Functional programming is amazing! Huge thanks to the professors, colleagues, and friends who have helped me appreciate that. In this post I will humbly share four tips I’ve picked up along the way:
- Play with a passion project
- Ask the right questions
- Really read the docs
- Give back to the community
Play with a passion project
Do it! Scratch your own itch. Save the world. Whatever. Just start building something. I personally tend to get bogged down working through a book of exercises and that has been a huge challenge for me while trying to learn Haskell. I’ve had better success with Elm, because I created a calculator that I can actually see and use.
Ask the right questions
If you roll into a Slack channel and say that your precious calculator is broken, nobody is going to hear you. I’ve found that thinking in terms of higher order functions such as map and fold will help not only when communicating with other programmers, but especially when trying to answer your own questions.
For me over the last couple of months, it has looked something like this:
Q: “Is there a higher order function to generate a series of values from an initial value?”
A: “Yes. Unfold.”
Q: “I’m looking for a function like fold that returns all of the intermediate values almost like map.”
A: “Try scanl.”
Think of it like traveling somewhere and attempting to say one or two words in the local tongue. People will generally give you the benefit of the doubt if you make the effort, even when you don’t exactly know what you are talking about.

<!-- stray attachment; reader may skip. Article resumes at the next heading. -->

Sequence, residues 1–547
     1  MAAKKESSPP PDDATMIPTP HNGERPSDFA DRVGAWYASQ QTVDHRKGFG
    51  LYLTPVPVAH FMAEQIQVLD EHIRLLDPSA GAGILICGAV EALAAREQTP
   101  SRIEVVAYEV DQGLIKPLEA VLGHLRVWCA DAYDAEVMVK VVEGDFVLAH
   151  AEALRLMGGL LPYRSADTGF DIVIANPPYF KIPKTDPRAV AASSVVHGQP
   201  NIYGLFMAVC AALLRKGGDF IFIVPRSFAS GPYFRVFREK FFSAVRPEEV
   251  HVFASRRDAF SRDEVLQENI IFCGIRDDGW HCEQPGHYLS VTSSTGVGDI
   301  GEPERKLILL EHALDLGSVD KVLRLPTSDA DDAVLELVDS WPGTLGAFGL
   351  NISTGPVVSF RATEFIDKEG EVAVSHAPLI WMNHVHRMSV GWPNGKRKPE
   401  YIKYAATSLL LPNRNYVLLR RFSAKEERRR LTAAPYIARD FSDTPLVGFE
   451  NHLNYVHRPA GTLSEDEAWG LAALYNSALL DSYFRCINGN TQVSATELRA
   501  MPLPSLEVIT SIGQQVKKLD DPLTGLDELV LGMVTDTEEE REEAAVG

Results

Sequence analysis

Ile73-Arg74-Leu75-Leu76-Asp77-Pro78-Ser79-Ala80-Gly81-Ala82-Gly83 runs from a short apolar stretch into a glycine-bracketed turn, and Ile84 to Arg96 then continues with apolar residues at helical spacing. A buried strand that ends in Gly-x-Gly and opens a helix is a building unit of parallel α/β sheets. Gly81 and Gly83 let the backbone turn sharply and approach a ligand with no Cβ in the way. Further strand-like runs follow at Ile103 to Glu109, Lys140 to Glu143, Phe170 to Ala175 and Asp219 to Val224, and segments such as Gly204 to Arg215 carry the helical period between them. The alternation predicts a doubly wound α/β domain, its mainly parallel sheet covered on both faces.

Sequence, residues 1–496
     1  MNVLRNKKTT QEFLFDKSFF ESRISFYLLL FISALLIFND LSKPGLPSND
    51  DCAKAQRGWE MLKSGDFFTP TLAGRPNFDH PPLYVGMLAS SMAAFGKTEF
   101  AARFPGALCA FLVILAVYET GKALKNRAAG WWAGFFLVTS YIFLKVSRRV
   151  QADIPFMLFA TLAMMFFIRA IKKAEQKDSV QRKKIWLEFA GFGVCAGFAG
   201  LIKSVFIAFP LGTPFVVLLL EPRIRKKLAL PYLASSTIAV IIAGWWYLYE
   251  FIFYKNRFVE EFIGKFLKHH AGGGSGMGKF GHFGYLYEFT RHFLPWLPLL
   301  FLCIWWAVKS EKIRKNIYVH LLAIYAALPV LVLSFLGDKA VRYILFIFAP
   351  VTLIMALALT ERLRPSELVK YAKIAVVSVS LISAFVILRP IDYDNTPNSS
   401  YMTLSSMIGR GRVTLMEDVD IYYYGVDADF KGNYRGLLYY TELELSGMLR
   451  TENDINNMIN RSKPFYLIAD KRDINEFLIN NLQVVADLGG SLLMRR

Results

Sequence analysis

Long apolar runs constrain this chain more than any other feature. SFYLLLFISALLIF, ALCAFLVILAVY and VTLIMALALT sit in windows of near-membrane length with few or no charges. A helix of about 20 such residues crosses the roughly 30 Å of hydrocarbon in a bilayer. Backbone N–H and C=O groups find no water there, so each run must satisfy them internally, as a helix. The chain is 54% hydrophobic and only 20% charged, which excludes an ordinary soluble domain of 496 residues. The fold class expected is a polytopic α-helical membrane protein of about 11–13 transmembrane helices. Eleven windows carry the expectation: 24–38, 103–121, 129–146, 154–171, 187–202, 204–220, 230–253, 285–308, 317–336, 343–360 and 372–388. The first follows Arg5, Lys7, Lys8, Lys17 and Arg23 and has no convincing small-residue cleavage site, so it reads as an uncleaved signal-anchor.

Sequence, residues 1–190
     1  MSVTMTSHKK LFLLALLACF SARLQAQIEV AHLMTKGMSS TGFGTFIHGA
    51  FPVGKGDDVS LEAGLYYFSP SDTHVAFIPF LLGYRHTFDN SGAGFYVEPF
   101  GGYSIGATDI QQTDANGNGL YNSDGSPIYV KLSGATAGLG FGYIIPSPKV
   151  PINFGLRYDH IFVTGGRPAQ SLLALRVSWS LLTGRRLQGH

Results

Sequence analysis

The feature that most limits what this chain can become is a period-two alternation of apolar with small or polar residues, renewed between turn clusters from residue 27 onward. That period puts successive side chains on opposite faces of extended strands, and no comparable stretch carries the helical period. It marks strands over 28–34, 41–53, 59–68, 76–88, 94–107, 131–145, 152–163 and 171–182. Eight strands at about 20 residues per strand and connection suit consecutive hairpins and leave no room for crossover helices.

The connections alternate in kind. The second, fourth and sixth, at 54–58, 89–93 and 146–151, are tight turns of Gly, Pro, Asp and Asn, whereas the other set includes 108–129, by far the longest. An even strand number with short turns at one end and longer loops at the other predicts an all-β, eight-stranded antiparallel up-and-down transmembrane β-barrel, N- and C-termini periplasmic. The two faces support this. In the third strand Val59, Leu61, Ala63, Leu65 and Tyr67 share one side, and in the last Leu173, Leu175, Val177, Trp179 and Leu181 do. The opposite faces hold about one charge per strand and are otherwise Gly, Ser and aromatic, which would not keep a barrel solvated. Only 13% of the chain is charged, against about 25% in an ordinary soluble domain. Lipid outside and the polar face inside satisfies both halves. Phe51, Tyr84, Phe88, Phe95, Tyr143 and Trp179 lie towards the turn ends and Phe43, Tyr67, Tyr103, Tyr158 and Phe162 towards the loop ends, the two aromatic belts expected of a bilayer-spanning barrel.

Really read the docs
In both of the prior examples, I could have avoided asking for help entirely if I had really read the docs. The answers are right there. Don’t be too hard on yourself, though. Learning how to read function signatures can be challenging. Chip away at the docs over time knowing that the answer is there. You will definitely pick up some other goodies along the way.
Give back to the community
I cannot tell you how grateful I am for the incredible community of functional programmers. Do not be afraid of your zealot co-worker who tells you that Haskell is better than Python and they can prove it (hi @puffnfresh). They are trying to help you! Let’s be honest - the terminology and pretense around functional programming can be off-putting to some beginners. It’s ok.
Soon you will find that the functional programming community is unbelievably generous and friendly. They are organizing conferences, teaching free classes, writing blog posts, and helping beginners in Slack channels. These people are legitimately trying to make the world a better place. The least that we can do as beginners is attempt to give back in the same way.